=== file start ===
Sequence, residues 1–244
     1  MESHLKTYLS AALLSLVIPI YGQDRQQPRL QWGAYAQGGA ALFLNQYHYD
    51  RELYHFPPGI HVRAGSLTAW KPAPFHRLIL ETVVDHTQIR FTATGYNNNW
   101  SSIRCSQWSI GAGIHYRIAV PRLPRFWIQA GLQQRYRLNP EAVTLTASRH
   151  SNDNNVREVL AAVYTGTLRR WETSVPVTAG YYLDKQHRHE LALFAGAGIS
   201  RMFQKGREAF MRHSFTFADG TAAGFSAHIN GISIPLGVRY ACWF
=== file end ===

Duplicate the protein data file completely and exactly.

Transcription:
Sequence, residues 1–244
     1  MESHLKTYLS AALLSLVIPI YGQDRQQPRL QWGAYAQGGA ALFLNQYHYD
    51  RELYHFPPGI HVRAGSLTAW KPAPFHRLIL ETVVDHTQIR FTATGYNNNW
   101  SSIRCSQWSI GAGIHYRIAV PRLPRFWIQA GLQQRYRLNP EAVTLTASRH
   151  SNDNNVREVL AAVYTGTLRR WETSVPVTAG YYLDKQHRHE LALFAGAGIS
   201  RMFQKGREAF MRHSFTFADG TAAGFSAHIN GISIPLGVRY ACWF